Summer in Jordan
By Sailer Perkins
One of my favorite words in Arabic is “صوّت” which means to vote and comes from the root word that means “voice.” So, according to the Arabic verb system, the technical meaning of the word “صوّت” means “to make something have a voice; to voice something.” Though this epithet may seem tangential, I believe that it characterizes an important part of my experience this summer in Jordan. But I’ll come back to that momentarily.
The purpose of the trip, which lasted two months, was to learn Arabic in an Arab country. This is obviously the type of immersion experience that any language teacher will cite as the ultimate classroom. By interacting with Arabic speakers daily, as well as having to read endless signs and menus, our group of Ole Miss students learned something new every day and had our previous lessons engrained. We slowly picked up aspects of the local dialect and adapted to the culture shock – sometimes not so easy or pleasant of a task. And of course, we visited some of the famed and amazing sites of the nation, such as thousand-year-old castles, the moonlike landscape of Wadi Rum Desert and the incomparable ancient city of Petra.
Most importantly, however, our trip was not just an extended vacation but rather a temporary relocation. We lived in Jordan, in the culture and language of a foreign nation that for the most part accepted us graciously. We made valuable friends and assimilated into a new way of life as independent adults and learned more about the world than we ever could have in the classroom alone.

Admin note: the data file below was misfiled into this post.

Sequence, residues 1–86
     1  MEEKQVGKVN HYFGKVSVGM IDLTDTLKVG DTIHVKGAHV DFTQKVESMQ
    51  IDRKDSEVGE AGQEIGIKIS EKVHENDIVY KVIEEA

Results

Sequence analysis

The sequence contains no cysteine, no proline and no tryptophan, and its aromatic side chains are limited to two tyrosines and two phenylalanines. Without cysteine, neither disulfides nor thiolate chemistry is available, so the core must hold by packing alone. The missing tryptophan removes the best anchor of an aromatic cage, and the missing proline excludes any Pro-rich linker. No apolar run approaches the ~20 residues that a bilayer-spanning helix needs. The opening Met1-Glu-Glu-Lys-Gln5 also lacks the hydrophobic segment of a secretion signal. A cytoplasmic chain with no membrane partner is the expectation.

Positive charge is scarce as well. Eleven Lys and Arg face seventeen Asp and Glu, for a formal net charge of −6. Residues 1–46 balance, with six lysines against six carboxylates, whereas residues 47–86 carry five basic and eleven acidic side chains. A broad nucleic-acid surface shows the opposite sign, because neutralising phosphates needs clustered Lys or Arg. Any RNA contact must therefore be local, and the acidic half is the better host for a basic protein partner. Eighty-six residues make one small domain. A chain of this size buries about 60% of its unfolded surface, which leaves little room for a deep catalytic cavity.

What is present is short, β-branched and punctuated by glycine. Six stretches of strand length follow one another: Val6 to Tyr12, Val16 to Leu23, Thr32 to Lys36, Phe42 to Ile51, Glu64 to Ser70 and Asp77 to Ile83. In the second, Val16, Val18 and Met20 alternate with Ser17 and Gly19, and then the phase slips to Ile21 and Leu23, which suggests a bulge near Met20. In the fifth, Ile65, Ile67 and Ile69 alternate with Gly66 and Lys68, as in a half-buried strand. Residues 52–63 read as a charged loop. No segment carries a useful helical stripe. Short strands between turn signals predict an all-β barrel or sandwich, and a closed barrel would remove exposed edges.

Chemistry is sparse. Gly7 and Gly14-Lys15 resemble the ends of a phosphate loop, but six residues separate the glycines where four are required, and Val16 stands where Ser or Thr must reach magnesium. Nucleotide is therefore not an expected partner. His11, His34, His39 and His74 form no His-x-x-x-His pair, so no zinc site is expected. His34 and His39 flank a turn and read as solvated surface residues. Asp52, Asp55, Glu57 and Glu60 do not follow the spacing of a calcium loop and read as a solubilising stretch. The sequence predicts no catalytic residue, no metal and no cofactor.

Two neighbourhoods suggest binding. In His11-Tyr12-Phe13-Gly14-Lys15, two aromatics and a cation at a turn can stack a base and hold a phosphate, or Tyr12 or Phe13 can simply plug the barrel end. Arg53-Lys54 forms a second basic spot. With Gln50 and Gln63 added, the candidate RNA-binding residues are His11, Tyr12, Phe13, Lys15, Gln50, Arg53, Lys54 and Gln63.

So, returning to the first paragraph and the concept of voice. The concept that in Arabic language and culture, voting is embedded with the idea of one sharing a voice, not just a choice, struck me as illustrating a cultural sense of resilience and self-determination. Furthermore, this word constantly reminds me that each person has a voice to share, including those in nations across the world. I feel it is a global phenomenon that those who live in one community neglect to see the humanity in the residents of others and forget that the voices of the outsiders speak with the same concerns. My experience in Jordan forcefully broke this mindset of mine and allowed me to hear the voices of individuals, as well as the collective voices of a nation and a culture that cannot be simplified to one description.